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Vodafone has ‘pockets of optimism’ amid sluggish growth

Vodafone shares were down marginally on Monday after the group announced 4.7% organic revenue growth in Q3 and a 1.4% decline in reported revenue growth.

The update provided nothing for investors to get excited about and shares slipped 0.4%. However, the update did demonstrate Vodafone were addressing the problems that have ravaged shares in recent years as German revenue grew 0.3%.

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“We’ve made good strategic progress in the first nine months of the year, with improving customer satisfaction and three consecutive quarters of service revenue growth in Europe,” said Margherita Della Valle, Vodafone Group Chief Executive.

Despite stabilisation in Germany, group revenue fell 2.3% as southern Europe continued to drag on revenue.

Italy and Spain were causes for concern with negative revenue growth while the African business Vodacom was again the bright spot with service revenue growth of 8.8%.

“Vodafone’s third quarter had some pockets of optimism for investors to cling to. Growth was in line with the second quarter, arguably a better result than some had feared. The key German market managed to scrape its way into growth territory but saw a slowdown. Comparisons to the second quarter were always going to be tough, with some non-recurring revenue streams not repeating. Regulatory changes in Germany are set to kick in this year, adding a layer of uncertainty to operations in the region,” said Matt Britzman, equity analyst, Hargreaves Lansdown.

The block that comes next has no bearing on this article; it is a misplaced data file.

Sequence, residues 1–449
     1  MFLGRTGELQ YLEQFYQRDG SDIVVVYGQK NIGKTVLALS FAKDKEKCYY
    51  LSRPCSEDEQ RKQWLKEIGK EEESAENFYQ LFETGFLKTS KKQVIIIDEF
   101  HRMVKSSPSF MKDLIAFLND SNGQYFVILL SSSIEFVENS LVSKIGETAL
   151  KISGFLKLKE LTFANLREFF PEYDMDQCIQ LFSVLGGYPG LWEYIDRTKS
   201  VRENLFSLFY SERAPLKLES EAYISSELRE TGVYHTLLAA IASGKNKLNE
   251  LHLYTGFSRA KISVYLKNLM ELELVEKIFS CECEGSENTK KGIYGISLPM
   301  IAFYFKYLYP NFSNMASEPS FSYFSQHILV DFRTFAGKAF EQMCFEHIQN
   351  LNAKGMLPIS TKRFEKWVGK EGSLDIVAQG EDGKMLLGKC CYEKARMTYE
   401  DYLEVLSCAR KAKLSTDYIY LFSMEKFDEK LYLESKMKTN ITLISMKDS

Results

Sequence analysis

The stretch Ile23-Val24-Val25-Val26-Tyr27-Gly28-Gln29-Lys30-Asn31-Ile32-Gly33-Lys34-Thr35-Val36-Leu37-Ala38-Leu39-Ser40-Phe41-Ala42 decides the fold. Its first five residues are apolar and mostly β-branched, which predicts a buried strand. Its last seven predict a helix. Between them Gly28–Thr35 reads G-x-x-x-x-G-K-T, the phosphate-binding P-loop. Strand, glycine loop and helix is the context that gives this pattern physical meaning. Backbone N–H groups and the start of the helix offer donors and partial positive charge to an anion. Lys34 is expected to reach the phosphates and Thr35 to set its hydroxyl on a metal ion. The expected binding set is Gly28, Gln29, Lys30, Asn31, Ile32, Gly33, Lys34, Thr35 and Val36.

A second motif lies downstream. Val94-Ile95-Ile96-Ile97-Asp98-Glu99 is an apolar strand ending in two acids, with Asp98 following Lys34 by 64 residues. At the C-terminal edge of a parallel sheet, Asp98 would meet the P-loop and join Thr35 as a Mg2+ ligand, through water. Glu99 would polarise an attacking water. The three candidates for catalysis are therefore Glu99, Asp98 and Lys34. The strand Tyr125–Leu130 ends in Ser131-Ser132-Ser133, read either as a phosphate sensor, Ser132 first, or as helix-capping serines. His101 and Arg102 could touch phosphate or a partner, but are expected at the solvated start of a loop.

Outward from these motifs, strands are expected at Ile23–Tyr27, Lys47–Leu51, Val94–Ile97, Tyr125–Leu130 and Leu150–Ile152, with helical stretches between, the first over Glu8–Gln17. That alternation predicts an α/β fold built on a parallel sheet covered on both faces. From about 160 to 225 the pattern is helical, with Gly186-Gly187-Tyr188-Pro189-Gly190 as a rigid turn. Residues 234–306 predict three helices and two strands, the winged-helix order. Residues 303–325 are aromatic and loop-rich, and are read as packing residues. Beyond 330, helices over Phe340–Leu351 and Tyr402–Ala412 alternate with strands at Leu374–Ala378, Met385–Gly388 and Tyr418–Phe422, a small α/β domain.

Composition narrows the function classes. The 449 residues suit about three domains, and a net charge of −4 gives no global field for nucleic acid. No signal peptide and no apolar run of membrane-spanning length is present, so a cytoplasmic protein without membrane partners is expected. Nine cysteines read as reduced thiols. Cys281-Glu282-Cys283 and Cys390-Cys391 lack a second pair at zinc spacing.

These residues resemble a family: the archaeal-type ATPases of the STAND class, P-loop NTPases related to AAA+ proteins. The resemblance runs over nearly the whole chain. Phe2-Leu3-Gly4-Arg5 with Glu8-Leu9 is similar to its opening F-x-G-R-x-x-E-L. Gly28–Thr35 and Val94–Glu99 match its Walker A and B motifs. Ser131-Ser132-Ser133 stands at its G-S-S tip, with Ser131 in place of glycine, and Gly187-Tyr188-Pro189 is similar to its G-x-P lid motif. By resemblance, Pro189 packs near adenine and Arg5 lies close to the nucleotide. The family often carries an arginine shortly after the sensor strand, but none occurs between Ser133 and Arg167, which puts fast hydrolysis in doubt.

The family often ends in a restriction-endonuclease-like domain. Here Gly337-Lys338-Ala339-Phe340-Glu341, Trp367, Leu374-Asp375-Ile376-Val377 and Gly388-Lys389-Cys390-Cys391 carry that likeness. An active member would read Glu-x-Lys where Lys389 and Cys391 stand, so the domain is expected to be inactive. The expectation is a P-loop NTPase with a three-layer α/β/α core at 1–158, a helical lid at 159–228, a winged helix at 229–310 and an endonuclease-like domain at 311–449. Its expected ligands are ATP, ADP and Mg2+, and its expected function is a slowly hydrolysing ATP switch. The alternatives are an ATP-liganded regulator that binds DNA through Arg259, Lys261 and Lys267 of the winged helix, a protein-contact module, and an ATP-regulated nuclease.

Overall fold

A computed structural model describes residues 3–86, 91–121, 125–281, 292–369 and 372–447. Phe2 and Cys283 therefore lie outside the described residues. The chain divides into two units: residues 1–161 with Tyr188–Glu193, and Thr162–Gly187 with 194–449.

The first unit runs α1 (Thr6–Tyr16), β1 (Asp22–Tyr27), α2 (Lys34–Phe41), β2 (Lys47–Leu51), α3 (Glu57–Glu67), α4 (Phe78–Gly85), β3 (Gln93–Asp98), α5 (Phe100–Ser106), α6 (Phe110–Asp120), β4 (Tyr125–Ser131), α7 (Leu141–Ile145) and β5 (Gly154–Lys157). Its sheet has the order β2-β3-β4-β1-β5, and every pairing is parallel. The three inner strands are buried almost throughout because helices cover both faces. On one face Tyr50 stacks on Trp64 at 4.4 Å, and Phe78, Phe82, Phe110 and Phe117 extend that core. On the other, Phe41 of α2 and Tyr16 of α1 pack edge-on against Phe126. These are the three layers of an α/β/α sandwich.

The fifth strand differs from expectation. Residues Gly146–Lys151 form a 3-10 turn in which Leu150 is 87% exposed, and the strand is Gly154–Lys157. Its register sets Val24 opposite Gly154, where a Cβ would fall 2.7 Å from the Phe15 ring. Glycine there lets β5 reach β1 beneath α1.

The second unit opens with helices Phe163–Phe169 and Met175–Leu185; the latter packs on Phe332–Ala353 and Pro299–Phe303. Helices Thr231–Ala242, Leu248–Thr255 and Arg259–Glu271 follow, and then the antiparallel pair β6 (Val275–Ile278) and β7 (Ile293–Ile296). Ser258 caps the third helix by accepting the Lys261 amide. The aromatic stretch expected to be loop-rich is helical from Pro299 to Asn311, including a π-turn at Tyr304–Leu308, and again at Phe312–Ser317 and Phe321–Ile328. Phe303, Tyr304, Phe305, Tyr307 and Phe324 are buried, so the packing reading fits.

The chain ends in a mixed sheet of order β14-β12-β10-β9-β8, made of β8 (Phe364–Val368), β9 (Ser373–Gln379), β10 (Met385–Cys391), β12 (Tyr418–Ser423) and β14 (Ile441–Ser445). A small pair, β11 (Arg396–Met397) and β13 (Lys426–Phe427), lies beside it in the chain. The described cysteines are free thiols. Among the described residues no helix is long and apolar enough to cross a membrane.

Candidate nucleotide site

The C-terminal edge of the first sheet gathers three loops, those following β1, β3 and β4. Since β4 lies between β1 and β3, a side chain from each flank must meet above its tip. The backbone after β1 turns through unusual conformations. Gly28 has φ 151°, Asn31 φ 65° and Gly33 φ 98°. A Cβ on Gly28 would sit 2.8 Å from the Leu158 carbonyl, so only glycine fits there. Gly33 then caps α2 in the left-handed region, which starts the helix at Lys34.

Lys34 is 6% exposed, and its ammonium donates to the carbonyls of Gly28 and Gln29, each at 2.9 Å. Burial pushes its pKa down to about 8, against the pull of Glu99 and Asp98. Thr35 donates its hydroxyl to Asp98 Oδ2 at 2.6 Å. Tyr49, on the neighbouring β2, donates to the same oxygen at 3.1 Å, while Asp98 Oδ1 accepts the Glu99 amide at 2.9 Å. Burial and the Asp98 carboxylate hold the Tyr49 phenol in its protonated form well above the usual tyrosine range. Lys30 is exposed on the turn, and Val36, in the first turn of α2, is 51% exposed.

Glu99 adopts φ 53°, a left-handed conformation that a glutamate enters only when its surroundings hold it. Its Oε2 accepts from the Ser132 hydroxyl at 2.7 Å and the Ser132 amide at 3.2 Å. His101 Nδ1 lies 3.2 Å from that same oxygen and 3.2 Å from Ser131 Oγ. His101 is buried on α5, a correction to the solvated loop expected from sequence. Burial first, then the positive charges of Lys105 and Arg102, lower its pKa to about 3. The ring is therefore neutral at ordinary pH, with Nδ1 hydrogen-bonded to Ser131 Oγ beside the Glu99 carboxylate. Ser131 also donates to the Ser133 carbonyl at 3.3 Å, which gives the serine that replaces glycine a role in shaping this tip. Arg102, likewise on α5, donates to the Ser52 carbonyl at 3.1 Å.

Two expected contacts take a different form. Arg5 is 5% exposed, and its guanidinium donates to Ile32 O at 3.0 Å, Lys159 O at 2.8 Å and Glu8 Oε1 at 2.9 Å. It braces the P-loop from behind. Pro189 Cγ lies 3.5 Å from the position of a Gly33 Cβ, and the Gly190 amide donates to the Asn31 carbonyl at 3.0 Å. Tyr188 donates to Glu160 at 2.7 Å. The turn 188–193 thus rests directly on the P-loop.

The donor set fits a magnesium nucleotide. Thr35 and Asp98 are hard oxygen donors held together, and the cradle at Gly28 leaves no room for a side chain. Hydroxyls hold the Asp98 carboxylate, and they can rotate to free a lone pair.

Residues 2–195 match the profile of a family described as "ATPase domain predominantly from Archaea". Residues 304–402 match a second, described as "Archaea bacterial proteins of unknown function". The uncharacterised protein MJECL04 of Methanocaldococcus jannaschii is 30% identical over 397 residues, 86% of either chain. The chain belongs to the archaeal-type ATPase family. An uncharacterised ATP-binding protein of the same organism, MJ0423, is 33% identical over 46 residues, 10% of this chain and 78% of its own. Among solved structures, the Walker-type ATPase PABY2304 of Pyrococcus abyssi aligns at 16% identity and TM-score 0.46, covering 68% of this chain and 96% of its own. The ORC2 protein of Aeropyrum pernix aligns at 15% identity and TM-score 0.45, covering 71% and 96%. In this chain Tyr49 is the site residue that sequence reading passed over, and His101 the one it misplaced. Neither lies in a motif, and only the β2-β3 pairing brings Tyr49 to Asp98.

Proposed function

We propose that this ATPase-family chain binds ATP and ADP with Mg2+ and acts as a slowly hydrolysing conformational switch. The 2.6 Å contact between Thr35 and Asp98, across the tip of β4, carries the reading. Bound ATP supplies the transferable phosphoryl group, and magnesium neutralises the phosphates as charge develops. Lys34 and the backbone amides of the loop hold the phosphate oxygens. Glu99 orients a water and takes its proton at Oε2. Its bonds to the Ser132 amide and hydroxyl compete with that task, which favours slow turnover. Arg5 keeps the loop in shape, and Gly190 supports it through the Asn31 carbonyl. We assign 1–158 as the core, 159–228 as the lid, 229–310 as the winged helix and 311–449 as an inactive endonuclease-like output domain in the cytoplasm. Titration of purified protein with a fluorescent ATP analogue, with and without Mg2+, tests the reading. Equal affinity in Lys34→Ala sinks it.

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“Streamlining the business remains a top priority and potential deals in Italy are still on the table. There’s scope for upside in the region if a deal can be found, but whether that would translate to a meaningful share price reaction remains to be seen. Deals in the UK and Spain failed to stir up too much excitement.

Britzman highlighted the value in Vodafone shares but cautioned the dividend may come under pressure as analysts predict dividend cuts.

“Vodafone looks cheap by most measures and with a forward yield of 9.2% it’s easy to see the attraction. But an argument can be made that the dividend is under some pressure in the near term. The Spanish sale, while a positive move for earnings given it’s a loss-making region, will be a hit to free cash flow. A capital allocation review is on the cards post-completion, and some analysts are already pencilling in dividend cuts as a result.”

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